preparing for performance
The following ideas are included to help beginning players prepare themselves for performance in the American improvisational formats. Explore through the ideas and experiment with the concepts, use what works for you, if ya find a good idea, maybe pass it along to a friend and encourage them to pass it along.
Play 12 bar Blues. Consider developing the ability to play accurately consecutive choruses of 12 bar blues unaccompanied. This form and color is truly at the root of our American music and developing this ability will help in many performance situations. Its a real challenge to do this and fun too once the form is locked onto your internal hardrive.
Begin a written list of tunes you know and of ones you want to learn. Segment your list by musical styles, to help balance out your repertoire. In playing through melodies, we can oftentimes get all our musical vitamins in one serving. Not only do we gain new melodic twists and turns, interval combinations and rhythmic patterns, we improve our sense of form and balance. In each tune we read through, 10 times out of 10 there is something new to be examined and digested, that is if I'm open to finding it. We can add this new bit of magic to our palette and eventually find other places to insert these ideas to enhance our artistic statement.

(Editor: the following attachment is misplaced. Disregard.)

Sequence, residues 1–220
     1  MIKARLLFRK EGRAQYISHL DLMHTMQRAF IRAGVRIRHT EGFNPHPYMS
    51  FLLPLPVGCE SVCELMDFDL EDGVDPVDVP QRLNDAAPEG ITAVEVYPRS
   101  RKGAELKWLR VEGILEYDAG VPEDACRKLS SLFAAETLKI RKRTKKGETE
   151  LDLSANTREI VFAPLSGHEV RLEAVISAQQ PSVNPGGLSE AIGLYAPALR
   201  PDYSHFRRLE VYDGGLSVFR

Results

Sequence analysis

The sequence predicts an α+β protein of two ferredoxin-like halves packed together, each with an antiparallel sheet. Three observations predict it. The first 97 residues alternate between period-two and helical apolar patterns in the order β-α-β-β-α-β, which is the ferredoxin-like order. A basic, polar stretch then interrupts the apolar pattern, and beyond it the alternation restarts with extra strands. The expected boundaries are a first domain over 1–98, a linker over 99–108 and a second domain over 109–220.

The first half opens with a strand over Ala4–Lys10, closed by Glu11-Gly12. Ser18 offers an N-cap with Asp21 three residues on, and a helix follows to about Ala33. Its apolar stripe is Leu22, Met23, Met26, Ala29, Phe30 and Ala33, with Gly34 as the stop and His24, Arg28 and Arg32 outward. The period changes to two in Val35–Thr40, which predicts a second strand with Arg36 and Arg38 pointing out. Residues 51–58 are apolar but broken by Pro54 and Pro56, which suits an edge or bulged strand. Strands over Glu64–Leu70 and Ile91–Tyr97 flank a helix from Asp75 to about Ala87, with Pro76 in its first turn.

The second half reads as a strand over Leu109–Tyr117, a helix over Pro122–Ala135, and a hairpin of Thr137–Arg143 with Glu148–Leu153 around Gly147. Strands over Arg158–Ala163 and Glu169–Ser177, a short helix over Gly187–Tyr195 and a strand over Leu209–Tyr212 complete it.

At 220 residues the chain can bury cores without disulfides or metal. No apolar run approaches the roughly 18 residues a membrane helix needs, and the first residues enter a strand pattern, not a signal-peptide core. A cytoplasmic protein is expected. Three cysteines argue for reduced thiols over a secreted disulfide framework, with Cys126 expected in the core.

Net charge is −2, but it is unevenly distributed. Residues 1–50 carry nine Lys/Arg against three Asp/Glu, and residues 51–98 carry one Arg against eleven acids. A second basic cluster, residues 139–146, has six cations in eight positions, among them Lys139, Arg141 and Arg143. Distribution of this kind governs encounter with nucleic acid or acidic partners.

If you come up with a cool idea in C major, filter it through each of the other 11 major tonal centers or whichever keys you know. Try creating a version of the line in C minor and running this new idea through the other 11 minor tonal centers. Try using the cycle of fifths as an organizational template to run your idea through the 12 keys. Expand this melodic cycling format to include other cycles such as; the cycle of fourths, chromatic, wholetone or diminished intervalic motion. Or, run it through the new modal color, make-your-own-ian.
If a particular lick is a problem, slow it down. Once learned gradually work it up to tempo. If that lick is still a problem, play it 100 times, then through the 12 keys.